So here’s what executives have been telling Wall Street during conference calls to discuss their financial results. (Many of these companies hold large portfolios of hotels that operate under brand names like Hyatt, Marriott, and Hilton, which actually don’t own most of the hotels that bear their logos.)
Pebblebrook Hotels CEO Jon E. Bortz, second quarter of 2015:
“So if you look at business around marathons as an example, where we used to have really intense compression and an ability to price that maybe what the customer would describe as sort of gouging rates. I’d say we’ve lost a lot of that ability at this point within the major markets where these events take place. I think that will change over time … as the industry becomes regulated. And when there is enforcement of the laws that take place, but that’s still going to take several years.”
Hyatt Hotels CEO Mark S. Hoplamazian, second quarter of 2015:
“Airbnb is focusing their attention on how they could be effective on the business travel front. But there are just some inherent differences in what they can offer and what hotels offer. And I think those differences are really, really material and substantive in terms of stay experience for business travelers. So, do I think that there will be incremental penetration, over time, for business travel? Sure. But it’s not anywhere near the incidence of leisure travel and that purpose of stay.”
Marriott International CEO Arne M. Sorensen, second quarter of 2015:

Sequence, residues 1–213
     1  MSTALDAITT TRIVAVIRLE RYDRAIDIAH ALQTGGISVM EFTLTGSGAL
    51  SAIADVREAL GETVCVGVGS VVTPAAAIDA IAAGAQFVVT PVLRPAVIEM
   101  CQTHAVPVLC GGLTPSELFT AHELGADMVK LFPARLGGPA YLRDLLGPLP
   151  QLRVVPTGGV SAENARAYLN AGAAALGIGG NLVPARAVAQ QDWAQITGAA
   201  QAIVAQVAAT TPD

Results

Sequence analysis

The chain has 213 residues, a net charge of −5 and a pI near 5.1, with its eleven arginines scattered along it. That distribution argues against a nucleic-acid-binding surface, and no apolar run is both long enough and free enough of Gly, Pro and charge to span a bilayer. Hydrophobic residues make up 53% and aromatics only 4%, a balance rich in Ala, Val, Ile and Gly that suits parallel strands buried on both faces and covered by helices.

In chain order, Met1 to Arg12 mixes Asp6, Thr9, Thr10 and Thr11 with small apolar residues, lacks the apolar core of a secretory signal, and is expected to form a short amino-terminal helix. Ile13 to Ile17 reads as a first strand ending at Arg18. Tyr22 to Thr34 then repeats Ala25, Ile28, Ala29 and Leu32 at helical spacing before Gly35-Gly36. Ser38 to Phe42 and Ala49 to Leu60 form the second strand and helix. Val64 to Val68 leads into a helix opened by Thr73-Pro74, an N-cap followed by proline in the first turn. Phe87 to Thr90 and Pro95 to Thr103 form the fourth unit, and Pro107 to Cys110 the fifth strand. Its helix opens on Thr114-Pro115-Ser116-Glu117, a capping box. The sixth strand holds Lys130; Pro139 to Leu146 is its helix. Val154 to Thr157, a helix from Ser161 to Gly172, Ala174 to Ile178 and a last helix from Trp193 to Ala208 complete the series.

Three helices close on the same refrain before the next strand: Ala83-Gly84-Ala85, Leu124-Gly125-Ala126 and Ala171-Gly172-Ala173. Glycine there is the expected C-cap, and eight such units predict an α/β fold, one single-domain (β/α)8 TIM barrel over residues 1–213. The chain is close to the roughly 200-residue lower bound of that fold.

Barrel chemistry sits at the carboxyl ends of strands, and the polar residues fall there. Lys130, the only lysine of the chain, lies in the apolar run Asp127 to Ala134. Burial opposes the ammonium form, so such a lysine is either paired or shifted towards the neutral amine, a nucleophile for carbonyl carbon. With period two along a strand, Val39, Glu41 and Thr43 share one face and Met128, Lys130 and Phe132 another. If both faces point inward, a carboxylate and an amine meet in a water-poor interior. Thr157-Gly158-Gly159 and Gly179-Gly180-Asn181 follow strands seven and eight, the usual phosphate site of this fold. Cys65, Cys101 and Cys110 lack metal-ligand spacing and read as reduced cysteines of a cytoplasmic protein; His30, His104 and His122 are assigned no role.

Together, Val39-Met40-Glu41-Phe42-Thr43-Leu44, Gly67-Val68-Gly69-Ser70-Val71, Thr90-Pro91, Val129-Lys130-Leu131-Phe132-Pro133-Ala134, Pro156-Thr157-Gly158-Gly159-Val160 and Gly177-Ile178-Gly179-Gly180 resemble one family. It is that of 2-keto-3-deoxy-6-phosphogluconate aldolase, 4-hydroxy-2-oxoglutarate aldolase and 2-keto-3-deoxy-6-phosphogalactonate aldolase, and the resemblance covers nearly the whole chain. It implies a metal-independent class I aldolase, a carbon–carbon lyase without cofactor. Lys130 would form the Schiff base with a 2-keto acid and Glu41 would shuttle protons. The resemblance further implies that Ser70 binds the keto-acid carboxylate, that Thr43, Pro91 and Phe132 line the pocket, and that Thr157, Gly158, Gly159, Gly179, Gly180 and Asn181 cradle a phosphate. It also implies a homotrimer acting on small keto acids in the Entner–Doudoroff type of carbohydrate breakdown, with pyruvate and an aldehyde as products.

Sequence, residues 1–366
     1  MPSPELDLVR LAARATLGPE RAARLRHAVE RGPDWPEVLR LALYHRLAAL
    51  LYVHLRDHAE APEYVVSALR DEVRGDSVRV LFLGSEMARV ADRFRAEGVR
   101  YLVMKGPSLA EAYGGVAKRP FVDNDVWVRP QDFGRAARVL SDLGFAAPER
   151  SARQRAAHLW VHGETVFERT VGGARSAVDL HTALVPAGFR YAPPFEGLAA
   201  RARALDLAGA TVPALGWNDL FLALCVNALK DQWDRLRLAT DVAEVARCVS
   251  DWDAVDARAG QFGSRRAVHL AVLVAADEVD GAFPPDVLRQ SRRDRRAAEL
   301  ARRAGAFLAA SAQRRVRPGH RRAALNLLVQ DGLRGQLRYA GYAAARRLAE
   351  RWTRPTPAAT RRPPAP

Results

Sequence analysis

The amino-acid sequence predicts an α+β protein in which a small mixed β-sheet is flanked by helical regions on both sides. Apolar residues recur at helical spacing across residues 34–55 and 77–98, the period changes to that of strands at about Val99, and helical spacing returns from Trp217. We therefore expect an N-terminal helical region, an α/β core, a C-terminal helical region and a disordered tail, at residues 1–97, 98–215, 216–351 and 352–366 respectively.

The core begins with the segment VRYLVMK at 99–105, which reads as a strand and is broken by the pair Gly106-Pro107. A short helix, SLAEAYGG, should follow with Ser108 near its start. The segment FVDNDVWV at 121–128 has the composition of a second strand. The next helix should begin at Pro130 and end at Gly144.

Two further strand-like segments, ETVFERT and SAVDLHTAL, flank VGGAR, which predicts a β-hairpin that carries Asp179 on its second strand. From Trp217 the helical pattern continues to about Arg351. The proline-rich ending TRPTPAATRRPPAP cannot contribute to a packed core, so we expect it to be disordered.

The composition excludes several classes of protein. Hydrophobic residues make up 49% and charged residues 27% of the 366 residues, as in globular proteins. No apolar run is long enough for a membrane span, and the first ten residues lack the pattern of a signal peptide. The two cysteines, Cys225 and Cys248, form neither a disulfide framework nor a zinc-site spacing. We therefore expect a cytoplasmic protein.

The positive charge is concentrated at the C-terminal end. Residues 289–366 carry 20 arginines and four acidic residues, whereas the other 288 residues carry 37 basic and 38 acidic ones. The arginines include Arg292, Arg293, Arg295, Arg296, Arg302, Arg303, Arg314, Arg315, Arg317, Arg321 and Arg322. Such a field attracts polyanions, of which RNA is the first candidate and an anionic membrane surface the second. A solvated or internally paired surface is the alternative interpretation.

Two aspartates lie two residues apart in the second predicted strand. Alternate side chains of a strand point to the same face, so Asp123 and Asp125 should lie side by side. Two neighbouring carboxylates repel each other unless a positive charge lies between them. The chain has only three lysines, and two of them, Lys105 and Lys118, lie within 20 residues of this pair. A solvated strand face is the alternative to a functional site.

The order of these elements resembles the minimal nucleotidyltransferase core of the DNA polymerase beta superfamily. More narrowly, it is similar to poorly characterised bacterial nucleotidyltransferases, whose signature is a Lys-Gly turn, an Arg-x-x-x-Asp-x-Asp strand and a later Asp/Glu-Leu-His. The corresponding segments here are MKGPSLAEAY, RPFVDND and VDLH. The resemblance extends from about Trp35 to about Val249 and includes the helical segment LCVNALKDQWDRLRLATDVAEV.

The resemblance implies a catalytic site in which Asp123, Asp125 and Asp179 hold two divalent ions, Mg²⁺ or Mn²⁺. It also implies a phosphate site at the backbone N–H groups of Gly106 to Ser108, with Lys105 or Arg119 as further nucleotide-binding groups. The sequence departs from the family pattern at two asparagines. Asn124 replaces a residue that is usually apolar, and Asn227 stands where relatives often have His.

“We don’t think it’s a significant factor in terms of impacting our business today, and are optimistic that it won’t become one, but we’ll have to watch it and see.”
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Intercontinental Hotel Group CEO Richard Solomons, second quarter of 2015:
“As a source of competition, it’s small, in a market that is growing heavily. This is just a new dynamic and obviously because of the model, Airbnb is making an awful lot of noise, but it’s not a new competitor. And, of course, the whole unregulated nature of that market is attracting the attention more and more of regulators. You’ll have seen all the stuff around Uber. And I think it is important that consumers are protected and there is some real danger, particularly with the Airbnb model, of a lack of regulation and a consumer misunderstanding, which I think we’re hearing governments talk more and more about.”
Sunstone Hotel Investors chief executive John V. Arabia, third quarter of 2015:
“Obviously, we’re going up against a constituency that is incredibly well funded, more funded, better funded than we are, but we’ll see how it goes and win, lose or draw in San Francisco I believe that this is going to be a far more significant dialogue going forward. Because ,as you know, Airbnb and others are having an impact in certain hotel markets and we’re just trying to level the playing field.”
Starwood Hotels Chief financial officer Thomas B. Mangas, third quarter of 2015:
“As we’ve talked to our corporate clients, we don’t see Airbnb as a particular threat to that business today. Maybe their business model evolves. But we are, given the kind of services that we’re providing at our hotels and what we believe our corporate clients want, we believe that’s a low-risk threat to our business.”